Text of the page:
Hon. Sam Condor
Hon. Billie Miller, Deputy Prime Minister of Barbados
Members of the Media
Ladies and Gentlemen
I wish to extend a warm welcome to you all to the Sixth Meeting of the Community Council. In doing so I want to convey on behalf of us all, my deep thanks and appreciation to the Government of Barbados for offering to host this important Meeting. My thanks are all the more profound, as this is the third Meeting of a Community body which the Government of Barbados would be hosting over the last week. It is truly an exemplary demonstration of commitment to the spirit of Community for which we are profoundly grateful. On our part, it behoves us to ensure that these contributions are without doubt used to the greatest benefit of the peoples of the Community.
As I make this appeal, I am not unmindful of the personal sacrifice which many of you – Ministers and officials alike – have been making not only over the last week but in some cases a decade or more – to build a Caribbean Community which is worthy of the aspirations of our peoples.
Too often we tend to take your contribution and sacrifices for granted. We should not, especially as more and more in quantity and quality would be demanded of us all, as we embark on this next stage of Community building.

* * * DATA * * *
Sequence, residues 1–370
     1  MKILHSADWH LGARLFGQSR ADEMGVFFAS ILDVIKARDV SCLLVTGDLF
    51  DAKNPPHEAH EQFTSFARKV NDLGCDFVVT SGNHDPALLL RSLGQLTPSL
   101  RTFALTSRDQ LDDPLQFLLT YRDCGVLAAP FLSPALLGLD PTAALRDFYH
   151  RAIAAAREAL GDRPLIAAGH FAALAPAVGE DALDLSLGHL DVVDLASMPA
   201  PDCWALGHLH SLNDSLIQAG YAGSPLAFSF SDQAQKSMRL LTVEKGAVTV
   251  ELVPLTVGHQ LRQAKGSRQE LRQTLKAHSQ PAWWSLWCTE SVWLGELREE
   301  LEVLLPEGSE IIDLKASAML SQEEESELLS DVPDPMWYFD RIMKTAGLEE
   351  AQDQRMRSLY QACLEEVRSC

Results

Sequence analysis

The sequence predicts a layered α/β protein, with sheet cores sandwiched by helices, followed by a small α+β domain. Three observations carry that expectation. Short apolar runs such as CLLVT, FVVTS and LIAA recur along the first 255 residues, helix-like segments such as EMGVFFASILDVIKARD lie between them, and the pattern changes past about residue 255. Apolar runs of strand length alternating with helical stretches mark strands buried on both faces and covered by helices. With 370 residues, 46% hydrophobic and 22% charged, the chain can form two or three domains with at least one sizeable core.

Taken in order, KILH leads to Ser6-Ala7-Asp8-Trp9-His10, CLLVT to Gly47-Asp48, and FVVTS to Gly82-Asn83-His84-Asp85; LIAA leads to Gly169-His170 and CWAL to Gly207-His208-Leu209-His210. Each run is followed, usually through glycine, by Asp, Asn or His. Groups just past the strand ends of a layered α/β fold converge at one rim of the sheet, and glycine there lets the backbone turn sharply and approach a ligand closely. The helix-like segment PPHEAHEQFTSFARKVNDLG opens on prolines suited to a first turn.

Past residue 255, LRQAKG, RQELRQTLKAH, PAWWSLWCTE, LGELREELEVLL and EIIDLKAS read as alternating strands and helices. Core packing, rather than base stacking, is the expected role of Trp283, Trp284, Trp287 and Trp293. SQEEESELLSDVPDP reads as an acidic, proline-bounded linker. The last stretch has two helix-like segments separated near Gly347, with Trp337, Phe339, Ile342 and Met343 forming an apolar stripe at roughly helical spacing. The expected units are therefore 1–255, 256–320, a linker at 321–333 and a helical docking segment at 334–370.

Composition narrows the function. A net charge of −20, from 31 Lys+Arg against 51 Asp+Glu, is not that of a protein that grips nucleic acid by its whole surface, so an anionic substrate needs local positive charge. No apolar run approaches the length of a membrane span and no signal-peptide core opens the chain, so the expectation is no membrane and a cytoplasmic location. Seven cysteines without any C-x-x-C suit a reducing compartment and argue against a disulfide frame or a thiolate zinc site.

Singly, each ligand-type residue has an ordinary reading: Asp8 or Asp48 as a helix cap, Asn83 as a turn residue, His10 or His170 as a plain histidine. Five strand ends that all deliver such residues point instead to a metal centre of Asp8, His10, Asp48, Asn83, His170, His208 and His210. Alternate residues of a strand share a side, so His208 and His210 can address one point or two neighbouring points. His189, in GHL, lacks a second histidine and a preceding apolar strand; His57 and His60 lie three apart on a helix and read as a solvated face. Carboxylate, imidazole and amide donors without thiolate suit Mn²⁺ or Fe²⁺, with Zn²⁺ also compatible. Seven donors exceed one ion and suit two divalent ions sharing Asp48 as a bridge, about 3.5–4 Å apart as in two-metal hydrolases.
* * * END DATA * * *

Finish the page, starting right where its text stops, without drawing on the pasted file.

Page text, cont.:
This Meeting is a critical step along that road. Not only will it be engaged with preparing for the 21st Meeting of the Conference of Heads of Government due to take place in Canouan in St. Vincent and the Grenadines from 2-5 July, but we will have to establish mechanisms for the effective incorporation of a new Member State – Haiti – into the Community, as well as grapple for the first time, with the sensitive issue of border difficulties between two Member States.
But if on your Agenda today there are difficulties to be dealt with which can threaten the fabric of the Community, there are also issues the successful completion of which can represent a giant leap in Community building. The proposal of the regional Chief Immigration Officers for the institution of a CARICOM Passport, and the ideas for strengthening the involvement of Civil Society in Community activities, are issues which can certainly lead to the creation of a more robust and relevant Caribbean Community.
This is all the more certain as the cultural cement which the forthcoming CARIFESTA VII, due on 17 to 26 August in St. Kitts and Nevis would be contributing to the process.
These issues reinforce the importance of the work of this Council which is faced with increasing responsibilities as the Community develops.
And it is for that reason that we have all agreed to add to the structure of the Meeting, an extra dimension of a Retreat, to permit this Council to undertake a comprehensive review of its mandate to ensure that the discharge of its responsibility, as the second highest Organ of the Community, is reflected in the quality and value of its contribution.
It is with this appreciation that I welcome you to this vital meeting of this critical Organ of the Community Council, as it continues and indeed seeks to upgrade its noble task of Caribbean Community building, not just for its people of today, but for those of tomorrow as well.
I think that we should all be grateful that history has afforded us a small place in that process.
I thank you.